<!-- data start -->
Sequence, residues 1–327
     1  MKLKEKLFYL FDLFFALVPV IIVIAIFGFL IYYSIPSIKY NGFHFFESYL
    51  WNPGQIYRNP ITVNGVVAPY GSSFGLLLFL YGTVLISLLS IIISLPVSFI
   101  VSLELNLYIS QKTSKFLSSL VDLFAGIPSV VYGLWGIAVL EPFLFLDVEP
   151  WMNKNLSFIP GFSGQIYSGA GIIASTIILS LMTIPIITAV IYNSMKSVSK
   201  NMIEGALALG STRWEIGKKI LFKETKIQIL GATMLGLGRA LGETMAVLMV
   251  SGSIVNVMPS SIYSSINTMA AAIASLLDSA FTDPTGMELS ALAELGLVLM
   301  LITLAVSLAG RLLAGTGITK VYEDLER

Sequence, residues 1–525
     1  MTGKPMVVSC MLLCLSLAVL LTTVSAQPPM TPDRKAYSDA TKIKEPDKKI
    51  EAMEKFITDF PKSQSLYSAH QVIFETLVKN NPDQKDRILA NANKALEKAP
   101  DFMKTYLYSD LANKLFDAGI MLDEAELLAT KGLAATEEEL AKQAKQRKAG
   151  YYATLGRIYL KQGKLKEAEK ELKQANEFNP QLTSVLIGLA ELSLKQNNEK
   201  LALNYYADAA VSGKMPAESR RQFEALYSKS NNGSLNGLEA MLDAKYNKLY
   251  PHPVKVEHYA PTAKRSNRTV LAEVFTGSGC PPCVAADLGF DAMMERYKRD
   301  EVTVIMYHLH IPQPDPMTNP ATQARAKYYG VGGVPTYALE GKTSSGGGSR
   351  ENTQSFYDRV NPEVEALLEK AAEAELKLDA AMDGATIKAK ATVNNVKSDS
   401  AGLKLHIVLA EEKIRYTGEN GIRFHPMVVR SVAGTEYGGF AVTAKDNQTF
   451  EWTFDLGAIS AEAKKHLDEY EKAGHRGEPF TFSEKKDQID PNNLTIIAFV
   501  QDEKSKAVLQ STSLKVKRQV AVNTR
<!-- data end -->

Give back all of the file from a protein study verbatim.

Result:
Sequence, residues 1–327
     1  MKLKEKLFYL FDLFFALVPV IIVIAIFGFL IYYSIPSIKY NGFHFFESYL
    51  WNPGQIYRNP ITVNGVVAPY GSSFGLLLFL YGTVLISLLS IIISLPVSFI
   101  VSLELNLYIS QKTSKFLSSL VDLFAGIPSV VYGLWGIAVL EPFLFLDVEP
   151  WMNKNLSFIP GFSGQIYSGA GIIASTIILS LMTIPIITAV IYNSMKSVSK
   201  NMIEGALALG STRWEIGKKI LFKETKIQIL GATMLGLGRA LGETMAVLMV
   251  SGSIVNVMPS SIYSSINTMA AAIASLLDSA FTDPTGMELS ALAELGLVLM
   301  LITLAVSLAG RLLAGTGITK VYEDLER

Sequence, residues 1–525
     1  MTGKPMVVSC MLLCLSLAVL LTTVSAQPPM TPDRKAYSDA TKIKEPDKKI
    51  EAMEKFITDF PKSQSLYSAH QVIFETLVKN NPDQKDRILA NANKALEKAP
   101  DFMKTYLYSD LANKLFDAGI MLDEAELLAT KGLAATEEEL AKQAKQRKAG
   151  YYATLGRIYL KQGKLKEAEK ELKQANEFNP QLTSVLIGLA ELSLKQNNEK
   201  LALNYYADAA VSGKMPAESR RQFEALYSKS NNGSLNGLEA MLDAKYNKLY
   251  PHPVKVEHYA PTAKRSNRTV LAEVFTGSGC PPCVAADLGF DAMMERYKRD
   301  EVTVIMYHLH IPQPDPMTNP ATQARAKYYG VGGVPTYALE GKTSSGGGSR
   351  ENTQSFYDRV NPEVEALLEK AAEAELKLDA AMDGATIKAK ATVNNVKSDS
   401  AGLKLHIVLA EEKIRYTGEN GIRFHPMVVR SVAGTEYGGF AVTAKDNQTF
   451  EWTFDLGAIS AEAKKHLDEY EKAGHRGEPF TFSEKKDQID PNNLTIIAFV
   501  QDEKSKAVLQ STSLKVKRQV AVNTR